An exhibition of artists’ work on the theme of ‘Journey’, created by printmakers on both sides of the Atlantic to commemorate Mayflower 400 and which should have taken place last year, finally opened at the Theatre Royal in Plymouth this week.
The collaboration between two groups of artists, the UK based Tamar Valley Printmakers, run by Mary Gillett and their American counterparts, Printmakers of Cape Cod, started in 2016 and was a way to commemorate Mayflower 400 and to celebrate and establish links between artists 3000 miles apart who all create work using the techniques of printmaking. The 43 artists were given a single word – Journey – and they went on to produce work that interprets that word in 43 different ways.
The pictures are rich in vitality and variety and they speak to everyone. They range from the personal to the universal and deal with themes such as migration, the environment, escape from persecution and, not least, the difficult truths and challenging history of the Mayflower story and ask has the world really changed?
Gay Kent who came up with the idea back in 2016 explained: “Originally in addition to exhibitions of the work, we were planning to host the US artists and return visits were arranged. The pandemic made that impossible but supportive messages went back and forth across the ocean and new friendships were forged.”
“As the planned exhibition dates came and went, we didn’t know if the shows would ever happen, but miraculously the exhibition in Cape Cod went ahead at the Cape Cod Museum of Art in July 2020 and the reception to the work in the US was so positive that an extra exhibition was arranged at the University of Massachusetts. Although the Theatre Royal remained closed, we were able to put on an extra exhibition at Torre Abbey in Torquay – an unexpected bonus. We really wanted the people of Plymouth to be able to enjoy the work and to see different aspects of the idea of journeying so we were delighted when the Theatre Royal was eventually able to reschedule the exhibition.”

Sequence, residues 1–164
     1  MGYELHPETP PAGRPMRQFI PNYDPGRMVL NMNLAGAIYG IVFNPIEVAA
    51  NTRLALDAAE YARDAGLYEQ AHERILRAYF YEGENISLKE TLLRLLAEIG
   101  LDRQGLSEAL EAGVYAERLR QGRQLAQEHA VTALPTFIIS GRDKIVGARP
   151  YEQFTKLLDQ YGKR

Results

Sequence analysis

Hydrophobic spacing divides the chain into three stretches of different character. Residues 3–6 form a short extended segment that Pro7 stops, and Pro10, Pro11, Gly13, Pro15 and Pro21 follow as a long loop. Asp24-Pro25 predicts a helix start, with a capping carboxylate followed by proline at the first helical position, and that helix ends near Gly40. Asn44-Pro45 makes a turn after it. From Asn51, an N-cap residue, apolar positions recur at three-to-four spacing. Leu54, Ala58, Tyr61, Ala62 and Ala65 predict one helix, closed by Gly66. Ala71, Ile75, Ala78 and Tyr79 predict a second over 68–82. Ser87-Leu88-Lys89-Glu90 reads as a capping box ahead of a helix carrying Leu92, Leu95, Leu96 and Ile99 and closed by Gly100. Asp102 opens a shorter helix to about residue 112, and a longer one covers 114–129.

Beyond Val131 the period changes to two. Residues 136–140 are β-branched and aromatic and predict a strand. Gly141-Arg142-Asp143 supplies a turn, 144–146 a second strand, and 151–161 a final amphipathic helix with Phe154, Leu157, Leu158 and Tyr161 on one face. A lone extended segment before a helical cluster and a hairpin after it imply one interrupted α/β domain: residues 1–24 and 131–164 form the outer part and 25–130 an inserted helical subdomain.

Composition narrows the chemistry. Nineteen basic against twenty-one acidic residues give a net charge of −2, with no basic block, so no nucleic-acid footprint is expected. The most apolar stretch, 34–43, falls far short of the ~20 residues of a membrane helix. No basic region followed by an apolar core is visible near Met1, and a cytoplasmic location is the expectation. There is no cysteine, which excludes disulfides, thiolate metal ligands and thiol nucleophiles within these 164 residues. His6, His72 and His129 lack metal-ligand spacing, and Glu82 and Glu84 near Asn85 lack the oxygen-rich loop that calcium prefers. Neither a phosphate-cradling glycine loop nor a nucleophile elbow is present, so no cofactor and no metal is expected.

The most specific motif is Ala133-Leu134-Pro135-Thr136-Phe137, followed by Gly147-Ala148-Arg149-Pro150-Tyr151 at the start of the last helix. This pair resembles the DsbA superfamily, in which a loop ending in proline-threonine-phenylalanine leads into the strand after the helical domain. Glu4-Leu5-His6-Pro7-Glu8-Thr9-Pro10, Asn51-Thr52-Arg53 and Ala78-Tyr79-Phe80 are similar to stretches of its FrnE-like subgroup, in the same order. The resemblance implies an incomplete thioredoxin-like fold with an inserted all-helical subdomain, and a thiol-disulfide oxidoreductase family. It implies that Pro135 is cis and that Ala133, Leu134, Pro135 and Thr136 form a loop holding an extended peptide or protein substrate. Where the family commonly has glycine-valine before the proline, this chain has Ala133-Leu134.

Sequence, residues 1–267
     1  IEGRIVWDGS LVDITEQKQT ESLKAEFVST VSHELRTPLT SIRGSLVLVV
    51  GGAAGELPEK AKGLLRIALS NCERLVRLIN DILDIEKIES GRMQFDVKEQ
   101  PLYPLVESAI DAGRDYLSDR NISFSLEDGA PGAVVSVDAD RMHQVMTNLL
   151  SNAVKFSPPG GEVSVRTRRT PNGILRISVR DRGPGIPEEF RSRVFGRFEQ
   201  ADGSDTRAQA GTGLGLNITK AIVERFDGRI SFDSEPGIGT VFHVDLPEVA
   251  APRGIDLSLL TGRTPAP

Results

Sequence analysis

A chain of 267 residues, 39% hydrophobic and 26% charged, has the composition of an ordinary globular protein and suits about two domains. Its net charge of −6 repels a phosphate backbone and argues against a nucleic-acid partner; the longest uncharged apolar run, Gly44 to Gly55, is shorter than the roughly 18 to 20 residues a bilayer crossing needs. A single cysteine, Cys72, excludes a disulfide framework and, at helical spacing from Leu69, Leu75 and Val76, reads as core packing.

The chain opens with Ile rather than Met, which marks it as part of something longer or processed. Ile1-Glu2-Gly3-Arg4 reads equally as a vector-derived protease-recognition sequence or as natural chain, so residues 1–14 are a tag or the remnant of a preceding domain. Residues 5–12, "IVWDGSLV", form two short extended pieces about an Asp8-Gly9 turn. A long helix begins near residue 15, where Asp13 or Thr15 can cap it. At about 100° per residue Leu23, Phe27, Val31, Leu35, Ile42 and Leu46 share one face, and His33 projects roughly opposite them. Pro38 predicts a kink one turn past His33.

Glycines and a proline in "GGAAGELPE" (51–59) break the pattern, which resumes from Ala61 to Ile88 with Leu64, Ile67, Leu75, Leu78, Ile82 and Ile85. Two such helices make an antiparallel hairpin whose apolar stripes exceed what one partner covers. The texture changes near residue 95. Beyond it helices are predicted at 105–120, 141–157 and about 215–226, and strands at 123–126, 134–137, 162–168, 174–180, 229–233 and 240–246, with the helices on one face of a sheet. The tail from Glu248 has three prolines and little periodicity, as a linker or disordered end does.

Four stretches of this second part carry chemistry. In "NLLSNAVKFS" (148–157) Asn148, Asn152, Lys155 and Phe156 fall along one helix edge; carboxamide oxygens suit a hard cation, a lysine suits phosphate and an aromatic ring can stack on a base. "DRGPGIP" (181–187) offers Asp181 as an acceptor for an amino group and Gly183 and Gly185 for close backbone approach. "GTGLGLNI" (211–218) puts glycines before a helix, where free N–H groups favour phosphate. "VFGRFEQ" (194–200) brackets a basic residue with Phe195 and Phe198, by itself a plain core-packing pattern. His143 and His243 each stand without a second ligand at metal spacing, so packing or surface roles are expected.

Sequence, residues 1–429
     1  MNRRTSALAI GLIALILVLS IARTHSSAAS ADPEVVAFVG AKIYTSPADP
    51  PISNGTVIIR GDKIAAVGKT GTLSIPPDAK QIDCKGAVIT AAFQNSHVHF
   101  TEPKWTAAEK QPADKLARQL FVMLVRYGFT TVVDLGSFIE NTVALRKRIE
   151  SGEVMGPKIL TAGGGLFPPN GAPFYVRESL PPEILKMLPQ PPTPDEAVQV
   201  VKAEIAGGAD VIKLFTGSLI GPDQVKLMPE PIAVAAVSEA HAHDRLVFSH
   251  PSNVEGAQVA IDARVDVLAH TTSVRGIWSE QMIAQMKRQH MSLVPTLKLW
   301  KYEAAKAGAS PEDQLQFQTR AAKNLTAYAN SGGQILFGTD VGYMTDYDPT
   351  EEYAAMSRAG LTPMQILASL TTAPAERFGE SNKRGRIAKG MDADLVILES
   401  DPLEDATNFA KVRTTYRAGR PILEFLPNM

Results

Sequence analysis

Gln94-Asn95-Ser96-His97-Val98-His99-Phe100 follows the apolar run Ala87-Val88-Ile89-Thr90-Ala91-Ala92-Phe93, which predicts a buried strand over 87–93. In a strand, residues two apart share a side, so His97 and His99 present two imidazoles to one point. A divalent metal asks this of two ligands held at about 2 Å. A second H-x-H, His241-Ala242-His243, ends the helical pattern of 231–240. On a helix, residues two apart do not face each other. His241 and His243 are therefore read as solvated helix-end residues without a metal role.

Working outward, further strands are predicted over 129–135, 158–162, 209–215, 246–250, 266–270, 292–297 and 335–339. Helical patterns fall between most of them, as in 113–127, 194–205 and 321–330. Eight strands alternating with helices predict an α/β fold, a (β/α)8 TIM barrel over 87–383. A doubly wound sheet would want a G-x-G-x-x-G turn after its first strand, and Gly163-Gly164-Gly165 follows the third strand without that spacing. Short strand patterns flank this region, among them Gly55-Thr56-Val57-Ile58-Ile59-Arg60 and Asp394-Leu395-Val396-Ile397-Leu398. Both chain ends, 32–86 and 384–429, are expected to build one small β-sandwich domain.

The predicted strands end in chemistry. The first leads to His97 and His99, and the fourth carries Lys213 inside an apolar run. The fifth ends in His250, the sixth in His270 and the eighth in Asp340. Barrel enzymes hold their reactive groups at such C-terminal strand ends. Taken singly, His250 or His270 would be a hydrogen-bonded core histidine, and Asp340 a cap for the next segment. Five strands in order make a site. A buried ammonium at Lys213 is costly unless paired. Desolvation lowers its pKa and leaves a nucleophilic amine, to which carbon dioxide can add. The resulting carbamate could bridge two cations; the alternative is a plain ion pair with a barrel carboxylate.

“The chosen theme turned out to be more relevant than we could have known. All of us have been on a huge journey of our own over the last 18 months in coping with the unknown and the twists and turns of events that we couldn’t control and which affected all aspects of our lives. I think that this has made looking at the work of these artists especially poignant and powerful and people are finding a real connection with the emotions and images in the work.”
Printmaking, including etching and linoprinting, has become increasingly popular in recent years and writing about the exhibition, Fiona Robinson, President of the Royal West of England Academy, describes both the unpredictable journey of the printmaking process and how the work itself deals with such themes as human endeavour, resilience, determination and fortitude.
The exhibition at the Theatre Royal runs between 9 September and 20 November 2021 with restricted opening times – it can be viewed if attending a performance, or on the following open days between 12 noon and 3pm when artists will be present: Saturday 25 September, Saturday 23 October and Thursday 18 November.